Tuesday, 22 September 2009

His name was Abdelselam ben Arrabat, and he was a member of the guild of dyers in the Banuh Rabbah tribe. They would say he was an alchemist, his complicated formulas magically changing the colours of the fabrics manufactured in Valle del Genal. Stones, plants, earth, animals, insects were the ingredients in his magic potions. After several essays, he once came up with a bright colour resembling blood. He called it “qarmazi,” i.e. “crimson,” keeping its formula secret until he died. After his death, one of his sons revealed the secret: the colour came from a scale insect called “qarmaz,” who profusely sucked other animals’ blood. All this blood dyed the threads in the clothes of old Benarrabá’s inhabitants.

Getting Close

Clusters of pine trees and cork oaks make the slopes rolling down into Benarrabá look leafy and cool the summer air. There’s a thick smell that reminds you of old earth scents, shady streets, field paths, cork lines. As I got closer to the town centre, I stared at the landscape surrounding the town: high mountains, steep slopes, thick woods, and the white spots of the villages sipping the water of the Genal river. Benarrabá is the sum of two bunches of buildings separated by a winding hill: the urban centre around the Chapel of Cristo de la Vera Cruz and the one around the Parish Church of San Sebastián. Benarrabá is a small town of uneven, steep, narrow, and broken streets. Local experts say there’re slope gradients amounting to 70 percent. In fact, there’re only two thoroughfares to drive along. Given these peculiarities, the best thing to do is follow the directions indicating “Chapel-Church-Parking.” The first sight –the Chapel of Vera Cruz– lies only 20m away. But before beginning my tour, I need to send a warming to potential visitors.

Point and Shoot

Benarrabá boasts remarkable tokens of domestic architecture. Many eighteenth-century houses have come down to us, keeping elements from a distant Arab past: guardapolvos (protruding eaves protecting passers-by from the rain), adarves (patios common to several houses and connecting them to the street), bocatejas (the first tile in each row), and algorfas (from al-gurfa in Arabic, a room in the attic used to store corn). The Benarrabá Town Hall website,, contains a tour of the streets and houses featuring these traditional architectural elements. Take note of their street numbers and be ready to travel back to faraway times.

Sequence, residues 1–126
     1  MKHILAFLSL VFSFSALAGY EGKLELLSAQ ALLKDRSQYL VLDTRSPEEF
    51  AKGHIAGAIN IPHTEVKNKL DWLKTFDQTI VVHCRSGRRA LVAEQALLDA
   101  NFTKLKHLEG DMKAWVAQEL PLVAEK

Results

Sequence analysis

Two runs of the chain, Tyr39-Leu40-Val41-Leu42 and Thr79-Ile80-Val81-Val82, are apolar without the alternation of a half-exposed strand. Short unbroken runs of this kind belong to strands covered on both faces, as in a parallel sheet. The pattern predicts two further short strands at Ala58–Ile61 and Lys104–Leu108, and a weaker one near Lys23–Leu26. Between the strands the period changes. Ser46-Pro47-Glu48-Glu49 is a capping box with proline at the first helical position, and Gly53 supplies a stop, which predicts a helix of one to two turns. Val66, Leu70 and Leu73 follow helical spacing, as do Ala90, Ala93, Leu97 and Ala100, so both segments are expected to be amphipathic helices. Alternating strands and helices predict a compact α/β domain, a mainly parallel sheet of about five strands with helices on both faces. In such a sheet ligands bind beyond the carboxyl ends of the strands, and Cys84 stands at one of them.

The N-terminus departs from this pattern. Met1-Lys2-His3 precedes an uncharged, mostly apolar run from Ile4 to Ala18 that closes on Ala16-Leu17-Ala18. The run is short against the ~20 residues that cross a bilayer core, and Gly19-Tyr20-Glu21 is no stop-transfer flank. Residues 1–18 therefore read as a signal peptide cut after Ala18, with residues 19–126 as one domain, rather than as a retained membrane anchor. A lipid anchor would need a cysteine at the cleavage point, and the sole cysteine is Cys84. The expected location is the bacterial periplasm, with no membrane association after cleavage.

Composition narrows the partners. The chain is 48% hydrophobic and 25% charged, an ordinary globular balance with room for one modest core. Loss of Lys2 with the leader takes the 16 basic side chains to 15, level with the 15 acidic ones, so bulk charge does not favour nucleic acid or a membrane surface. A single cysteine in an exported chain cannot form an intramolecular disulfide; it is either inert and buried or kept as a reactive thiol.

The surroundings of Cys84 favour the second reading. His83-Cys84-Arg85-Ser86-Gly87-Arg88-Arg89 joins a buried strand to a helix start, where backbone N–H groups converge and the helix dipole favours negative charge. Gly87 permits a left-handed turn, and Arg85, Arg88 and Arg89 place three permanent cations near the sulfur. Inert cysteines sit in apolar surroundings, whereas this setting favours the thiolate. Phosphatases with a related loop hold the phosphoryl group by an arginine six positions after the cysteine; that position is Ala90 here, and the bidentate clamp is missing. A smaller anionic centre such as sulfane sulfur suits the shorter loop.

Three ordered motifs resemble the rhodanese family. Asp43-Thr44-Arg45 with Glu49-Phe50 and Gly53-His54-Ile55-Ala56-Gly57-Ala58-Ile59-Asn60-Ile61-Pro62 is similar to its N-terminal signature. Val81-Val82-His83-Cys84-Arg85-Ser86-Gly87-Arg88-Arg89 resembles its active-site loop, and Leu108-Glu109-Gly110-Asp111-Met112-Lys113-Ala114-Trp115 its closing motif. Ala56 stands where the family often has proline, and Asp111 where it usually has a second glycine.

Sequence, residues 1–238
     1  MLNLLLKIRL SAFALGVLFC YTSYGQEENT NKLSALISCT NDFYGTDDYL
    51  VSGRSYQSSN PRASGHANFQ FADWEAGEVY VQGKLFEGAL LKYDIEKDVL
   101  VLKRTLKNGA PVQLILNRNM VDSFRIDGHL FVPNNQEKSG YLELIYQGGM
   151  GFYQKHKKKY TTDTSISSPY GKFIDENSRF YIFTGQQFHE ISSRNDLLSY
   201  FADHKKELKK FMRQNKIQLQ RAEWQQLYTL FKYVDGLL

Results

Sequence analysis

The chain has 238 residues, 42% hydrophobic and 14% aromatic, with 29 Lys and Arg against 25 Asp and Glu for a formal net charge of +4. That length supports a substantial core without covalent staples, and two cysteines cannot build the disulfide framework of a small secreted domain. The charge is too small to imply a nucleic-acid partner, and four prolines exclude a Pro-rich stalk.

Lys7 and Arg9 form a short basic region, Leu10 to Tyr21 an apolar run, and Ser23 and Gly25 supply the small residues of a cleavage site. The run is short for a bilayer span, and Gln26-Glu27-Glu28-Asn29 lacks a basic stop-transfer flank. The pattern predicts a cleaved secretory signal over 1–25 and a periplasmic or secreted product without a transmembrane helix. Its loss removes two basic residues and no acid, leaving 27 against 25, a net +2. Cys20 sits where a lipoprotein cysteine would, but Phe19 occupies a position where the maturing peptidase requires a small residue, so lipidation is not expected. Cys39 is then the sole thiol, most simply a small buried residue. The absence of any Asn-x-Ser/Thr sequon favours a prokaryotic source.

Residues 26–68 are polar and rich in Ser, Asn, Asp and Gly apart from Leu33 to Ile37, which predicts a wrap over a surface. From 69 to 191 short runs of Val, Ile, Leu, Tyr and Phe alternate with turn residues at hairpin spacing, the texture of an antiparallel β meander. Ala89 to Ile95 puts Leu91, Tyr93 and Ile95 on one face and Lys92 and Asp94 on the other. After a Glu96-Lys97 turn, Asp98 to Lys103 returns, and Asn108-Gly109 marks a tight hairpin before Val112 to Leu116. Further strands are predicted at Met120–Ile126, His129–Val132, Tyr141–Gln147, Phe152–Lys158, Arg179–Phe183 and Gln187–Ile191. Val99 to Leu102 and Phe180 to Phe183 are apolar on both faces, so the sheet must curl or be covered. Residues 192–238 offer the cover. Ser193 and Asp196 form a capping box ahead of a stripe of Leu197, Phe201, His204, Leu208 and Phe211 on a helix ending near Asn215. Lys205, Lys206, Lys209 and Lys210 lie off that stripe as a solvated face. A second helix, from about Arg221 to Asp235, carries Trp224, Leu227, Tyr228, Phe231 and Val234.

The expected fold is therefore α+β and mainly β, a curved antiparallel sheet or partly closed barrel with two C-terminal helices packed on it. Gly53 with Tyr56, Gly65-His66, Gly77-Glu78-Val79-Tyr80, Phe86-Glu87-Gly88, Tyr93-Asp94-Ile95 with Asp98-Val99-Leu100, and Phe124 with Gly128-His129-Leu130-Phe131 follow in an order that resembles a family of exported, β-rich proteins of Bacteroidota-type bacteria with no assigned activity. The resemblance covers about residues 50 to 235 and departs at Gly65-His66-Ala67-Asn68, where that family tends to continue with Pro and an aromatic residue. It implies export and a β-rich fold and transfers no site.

The Chapel of Vera Cruz

Now, let’s go back to the Chapel of Vera Cruz. I got off my car to take a look at the simple, peaceful square in front of the chapel: a small fountain, two dozens of trees, a bunch of benches inviting tired travellers to take a seat. It was still cool in the morning. I could hear the sounds of birds and household chores. The chapel itself is a humble building, a small bell hanging in its belfry and three yellow borders on the façade as the only décor. But it had the charming power of simplicity. One of the walls bears a board where you can get the essence of Benarrabá: “From the Porón you’re still the shadow/ of the castle that’s disappeared/ you’re the kind lookout/ of the towns that lie near./ Despite your centuries-old poles/ and your eventful history/ you play hide-and-seek behind the mountains/ and reappear in Valle del Genal./ A great many palettes will be envious/ of your colourful landscape like a fantasy mantle,/ of your stout cork oaks and holm oaks,/ of your majestic green pine trees./ In your streets with secluded corners/ floating on the cobblestones/ there’s a song turned whisper:/ it’s the song of memory./ At noon I find treasures/ hiding in our pantry,/ I walk along your thoroughfares,/ I feel your pulse, like a river,/ I turn my eyes to the blue dome of the church.” The poem was written by María José Collado in 2005. Following directions, I took the road to the left of the chapel. I drove down and found a parking space behind a bend. They advised me not to drive further on, for the streets get impossibly narrow and broken. So walking around was the best way of getting familiar with Benarrabá. I strolled down Sol Street towards the church, its blue dome against the bright blue sky.